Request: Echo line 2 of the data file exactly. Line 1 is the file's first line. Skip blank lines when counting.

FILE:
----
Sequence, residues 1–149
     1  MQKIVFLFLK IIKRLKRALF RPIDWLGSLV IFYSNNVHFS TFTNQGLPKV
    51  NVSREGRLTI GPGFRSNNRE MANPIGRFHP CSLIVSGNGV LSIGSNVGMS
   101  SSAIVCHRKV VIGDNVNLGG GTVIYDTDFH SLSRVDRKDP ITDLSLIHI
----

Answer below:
     1  MQKIVFLFLK IIKRLKRALF RPIDWLGSLV IFYSNNVHFS TFTNQGLPKV